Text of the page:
Read these 10 Exercise FAQ Tips tips to make your life smarter, better, faster and wiser. Each tip is approved by our Editors and created by expert writers so great we call them Gurus. LifeTips is the place to go when you need to know about Muscle Building tips and hundreds of other topics.
High protein diets will probably help you lose weight initially, BUT you will more than likely lose muscle weight, not fat weight. Additionally, you will more than likely not be able to stick to a high protein/very low carb diet for long, because you will fatigue quickly since your body runs optimally on carbohydrates for energy, not protein. These diets are fads, and you won't be able to stick to them. The old adage still holds true: extremes in any direction are not good for you. The same holds true with eating where balance is the key!
If you are looking to build muscle mass, you won't want to do excessive amounts of high intensity, or long duration cardiovascular activity, mainly because you will be expending a lot of energy by doing this and will therefore have to intake more nutrients or your body will pull them from what you already have. So if you are needing to lose a fair amount of fat then you can do more cardio, while if you are already lean you should do less cardio. Typically start at 3 times/week for 20 min. and see how that works, then adjust from there.
Many people mistakenly believe any type of liquid will count towards them getting their 8+ glasses of water per day. That is not correct, especially speaking in terms of soda, other caffeinated beverages, alcohol etc. Actually those beverages with caffeine and alcohol in them contribute to dehydration, so the more of those you drink the more water you will need to drink. The other thing to look at is the sugar content of those other beverages you drink. You may be getting liquid but at the same time overloading on sugar! That is why unadulterated water is best for hydration purposes.
If you are of normal weight, eating less will not help you lose fat and become more toned and muscular. Actually the opposite is true; eating less will cause your body to store more fat and lose muscle. So, in order to build muscle and lose fat you have to eat more because your body will need more nutrients to repair itself from workouts. Just make sure you eat healthy food.
Cardio exercise will not reshape your body. That is what strength training does. Cardio will just make your body a smaller version of what it already looks like. So if you want to truly reshape your body muscle building is the way to go, with moderate cardiovascular exercise.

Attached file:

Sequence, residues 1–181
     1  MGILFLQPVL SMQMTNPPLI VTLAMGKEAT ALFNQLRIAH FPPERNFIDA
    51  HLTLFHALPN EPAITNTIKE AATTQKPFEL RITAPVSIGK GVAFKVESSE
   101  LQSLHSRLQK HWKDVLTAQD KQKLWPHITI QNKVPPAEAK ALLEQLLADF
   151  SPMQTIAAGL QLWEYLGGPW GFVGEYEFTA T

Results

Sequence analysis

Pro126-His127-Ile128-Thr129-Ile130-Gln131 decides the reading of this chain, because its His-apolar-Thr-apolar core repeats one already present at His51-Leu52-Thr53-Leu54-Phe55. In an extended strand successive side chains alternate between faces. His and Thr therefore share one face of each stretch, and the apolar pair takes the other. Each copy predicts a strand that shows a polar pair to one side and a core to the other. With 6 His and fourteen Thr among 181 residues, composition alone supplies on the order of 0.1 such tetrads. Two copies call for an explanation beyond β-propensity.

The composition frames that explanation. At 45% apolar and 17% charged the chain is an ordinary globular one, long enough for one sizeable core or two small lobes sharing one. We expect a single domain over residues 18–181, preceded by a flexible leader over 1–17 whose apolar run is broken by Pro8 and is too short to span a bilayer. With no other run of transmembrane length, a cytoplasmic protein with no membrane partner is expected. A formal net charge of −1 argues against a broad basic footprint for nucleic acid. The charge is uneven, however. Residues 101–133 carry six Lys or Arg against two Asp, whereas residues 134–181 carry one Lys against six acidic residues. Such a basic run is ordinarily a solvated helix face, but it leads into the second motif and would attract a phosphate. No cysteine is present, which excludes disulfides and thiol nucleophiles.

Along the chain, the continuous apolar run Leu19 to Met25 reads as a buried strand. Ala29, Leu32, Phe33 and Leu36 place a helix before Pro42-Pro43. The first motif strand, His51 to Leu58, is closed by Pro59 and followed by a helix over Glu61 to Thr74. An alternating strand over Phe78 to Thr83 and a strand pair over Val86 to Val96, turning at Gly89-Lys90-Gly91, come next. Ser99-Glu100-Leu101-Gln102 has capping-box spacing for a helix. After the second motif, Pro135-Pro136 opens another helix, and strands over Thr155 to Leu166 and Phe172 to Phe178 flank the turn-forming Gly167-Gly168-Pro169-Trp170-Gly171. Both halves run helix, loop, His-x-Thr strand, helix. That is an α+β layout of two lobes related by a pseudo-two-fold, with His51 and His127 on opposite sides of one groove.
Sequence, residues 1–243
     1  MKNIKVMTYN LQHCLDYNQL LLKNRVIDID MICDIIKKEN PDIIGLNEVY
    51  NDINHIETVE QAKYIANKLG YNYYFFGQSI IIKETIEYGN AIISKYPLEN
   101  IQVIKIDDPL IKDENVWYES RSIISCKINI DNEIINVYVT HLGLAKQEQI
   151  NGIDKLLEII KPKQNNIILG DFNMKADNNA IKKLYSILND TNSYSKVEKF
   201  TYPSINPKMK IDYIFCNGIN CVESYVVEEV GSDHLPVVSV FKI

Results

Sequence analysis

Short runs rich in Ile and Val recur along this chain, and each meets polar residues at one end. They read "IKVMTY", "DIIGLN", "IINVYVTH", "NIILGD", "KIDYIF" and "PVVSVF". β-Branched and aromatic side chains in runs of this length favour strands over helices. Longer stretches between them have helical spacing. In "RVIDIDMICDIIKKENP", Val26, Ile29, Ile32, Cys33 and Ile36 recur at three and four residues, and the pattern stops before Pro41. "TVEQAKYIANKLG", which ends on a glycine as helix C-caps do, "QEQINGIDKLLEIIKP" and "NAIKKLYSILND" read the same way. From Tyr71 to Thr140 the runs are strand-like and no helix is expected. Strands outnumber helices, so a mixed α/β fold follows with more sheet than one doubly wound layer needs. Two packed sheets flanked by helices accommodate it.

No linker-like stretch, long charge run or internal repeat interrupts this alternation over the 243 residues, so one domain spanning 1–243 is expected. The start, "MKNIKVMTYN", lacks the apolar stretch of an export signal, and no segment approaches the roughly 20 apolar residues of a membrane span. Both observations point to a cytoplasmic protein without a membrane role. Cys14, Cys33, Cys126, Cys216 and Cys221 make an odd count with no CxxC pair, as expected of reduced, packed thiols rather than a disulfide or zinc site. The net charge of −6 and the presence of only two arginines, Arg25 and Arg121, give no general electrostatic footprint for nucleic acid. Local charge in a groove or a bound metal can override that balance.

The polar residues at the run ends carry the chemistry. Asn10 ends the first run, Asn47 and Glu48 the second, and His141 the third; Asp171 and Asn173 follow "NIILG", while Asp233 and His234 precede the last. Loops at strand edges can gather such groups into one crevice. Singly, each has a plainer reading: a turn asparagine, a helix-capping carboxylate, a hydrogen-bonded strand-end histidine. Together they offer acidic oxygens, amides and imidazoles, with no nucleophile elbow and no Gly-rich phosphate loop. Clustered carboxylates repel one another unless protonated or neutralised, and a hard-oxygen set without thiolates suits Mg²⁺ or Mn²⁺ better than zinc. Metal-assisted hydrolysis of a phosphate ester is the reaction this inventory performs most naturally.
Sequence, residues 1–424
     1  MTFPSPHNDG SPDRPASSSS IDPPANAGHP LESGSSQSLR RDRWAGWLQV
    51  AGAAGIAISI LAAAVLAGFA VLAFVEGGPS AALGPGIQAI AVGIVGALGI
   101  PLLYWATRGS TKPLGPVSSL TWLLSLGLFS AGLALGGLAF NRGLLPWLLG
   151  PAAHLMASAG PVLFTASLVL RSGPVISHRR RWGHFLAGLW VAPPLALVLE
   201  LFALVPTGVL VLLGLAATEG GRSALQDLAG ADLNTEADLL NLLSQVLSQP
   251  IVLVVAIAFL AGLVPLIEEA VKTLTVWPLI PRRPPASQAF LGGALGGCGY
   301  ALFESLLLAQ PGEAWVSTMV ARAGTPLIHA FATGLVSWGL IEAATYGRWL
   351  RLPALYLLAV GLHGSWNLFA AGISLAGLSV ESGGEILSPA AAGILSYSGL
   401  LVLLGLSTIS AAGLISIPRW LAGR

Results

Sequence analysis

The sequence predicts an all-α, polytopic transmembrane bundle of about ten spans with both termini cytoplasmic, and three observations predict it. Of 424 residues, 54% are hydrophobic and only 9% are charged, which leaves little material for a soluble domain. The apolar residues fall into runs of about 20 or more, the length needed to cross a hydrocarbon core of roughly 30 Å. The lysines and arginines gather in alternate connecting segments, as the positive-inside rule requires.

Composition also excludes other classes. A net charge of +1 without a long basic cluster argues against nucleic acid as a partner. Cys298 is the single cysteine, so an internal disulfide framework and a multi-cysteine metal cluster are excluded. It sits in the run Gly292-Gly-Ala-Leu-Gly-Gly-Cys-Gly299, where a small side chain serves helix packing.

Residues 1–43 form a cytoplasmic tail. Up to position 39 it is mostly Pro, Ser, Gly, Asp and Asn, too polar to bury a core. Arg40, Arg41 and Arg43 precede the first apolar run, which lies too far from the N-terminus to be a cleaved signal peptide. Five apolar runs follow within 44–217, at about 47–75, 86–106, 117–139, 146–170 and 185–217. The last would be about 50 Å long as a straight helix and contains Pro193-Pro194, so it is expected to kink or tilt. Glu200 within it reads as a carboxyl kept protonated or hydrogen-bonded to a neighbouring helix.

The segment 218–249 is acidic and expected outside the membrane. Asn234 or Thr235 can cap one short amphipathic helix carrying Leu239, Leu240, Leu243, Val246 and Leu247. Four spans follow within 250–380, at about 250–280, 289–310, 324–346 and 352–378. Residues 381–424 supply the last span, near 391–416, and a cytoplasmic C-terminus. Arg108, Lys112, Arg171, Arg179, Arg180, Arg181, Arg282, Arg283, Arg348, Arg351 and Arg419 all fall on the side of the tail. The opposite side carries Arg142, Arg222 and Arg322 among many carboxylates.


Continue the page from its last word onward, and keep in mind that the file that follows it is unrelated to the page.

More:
If you are not losing fat, and therfore still cannot see the muscle you have been building, doing more cardio will not necessarily be the answer. In fact, doing too much cardio will cut into your muscle gains, as your body will begin to dip into your muscle mass for fuel as you begin to use up the supply of carbs your body has available. Therefore, more cardio may help you lose weight, but it may be muscle weight, not the fat weight you want that loss to be.
You should increase the weight on an exercise when you are able to do more repetitions on a set than you have been regularly doing. If you normally do 20 lb for 10 reps and you find you can do 11 or more reps with that 20 lb you should increase the weight to the point where you can only do 10 or fewer reps.
Many people get discouraged about not seeing results in the time frame they are looking for. First of all, individuals must have attainable goals, ones that they will be able to reach in short time frames. This helps you to keep your focus and confidence level high. This will be evident in your workout intensity, controlling your diet, getting enough rest, etc. An integrated, focused approach over time will get you results; you just have to be consistent while not falling back on excuses.
Many people ask which is better, free weights or machines. Like anything else, it all depends on what you want. If you want to challenge your body in many ways and develop a balance in strength, muscle size, coordination, etc., then free weights are what you should use. This is particulary important as a beginner in order to develop muscle control and a base of size and strength. Machines, on the other hand, provide more isolation work, which really is not something necessary for most beginners. They also put the body at awkward angles which are not natural. My advice is to stick with free weight exercises as much as possible, and add in machines for variety.
|Jennifer Mathes, Ph.D.|